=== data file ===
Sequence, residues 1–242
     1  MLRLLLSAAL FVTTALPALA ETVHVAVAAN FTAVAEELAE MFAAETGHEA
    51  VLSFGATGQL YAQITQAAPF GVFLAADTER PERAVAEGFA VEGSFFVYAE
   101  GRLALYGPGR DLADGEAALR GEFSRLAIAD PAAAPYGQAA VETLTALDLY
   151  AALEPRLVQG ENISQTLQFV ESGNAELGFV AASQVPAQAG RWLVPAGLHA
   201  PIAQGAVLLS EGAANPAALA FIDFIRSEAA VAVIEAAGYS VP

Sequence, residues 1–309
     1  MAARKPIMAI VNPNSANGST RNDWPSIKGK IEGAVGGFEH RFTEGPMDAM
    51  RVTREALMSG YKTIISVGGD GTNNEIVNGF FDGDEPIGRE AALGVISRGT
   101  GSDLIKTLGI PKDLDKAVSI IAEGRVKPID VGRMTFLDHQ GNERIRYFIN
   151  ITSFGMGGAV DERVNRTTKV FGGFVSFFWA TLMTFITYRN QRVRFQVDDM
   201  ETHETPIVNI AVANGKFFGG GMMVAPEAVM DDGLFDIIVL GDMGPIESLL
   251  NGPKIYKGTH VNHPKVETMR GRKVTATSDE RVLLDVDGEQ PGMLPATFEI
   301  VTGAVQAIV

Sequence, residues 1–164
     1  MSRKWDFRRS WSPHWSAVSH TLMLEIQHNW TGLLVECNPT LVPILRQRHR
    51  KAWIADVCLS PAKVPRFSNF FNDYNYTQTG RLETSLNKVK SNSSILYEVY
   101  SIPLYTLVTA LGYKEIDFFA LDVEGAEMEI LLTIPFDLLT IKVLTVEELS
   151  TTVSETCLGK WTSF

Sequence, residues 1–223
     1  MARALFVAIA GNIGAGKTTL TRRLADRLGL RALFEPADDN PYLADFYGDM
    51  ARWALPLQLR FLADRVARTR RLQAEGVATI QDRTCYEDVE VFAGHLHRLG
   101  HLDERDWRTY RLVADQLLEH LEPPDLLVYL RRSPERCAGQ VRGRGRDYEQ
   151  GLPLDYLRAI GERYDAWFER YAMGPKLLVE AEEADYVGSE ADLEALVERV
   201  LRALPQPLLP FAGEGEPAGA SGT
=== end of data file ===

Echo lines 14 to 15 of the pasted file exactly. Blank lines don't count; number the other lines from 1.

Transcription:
   301  VTGAVQAIV

Sequence, residues 1–164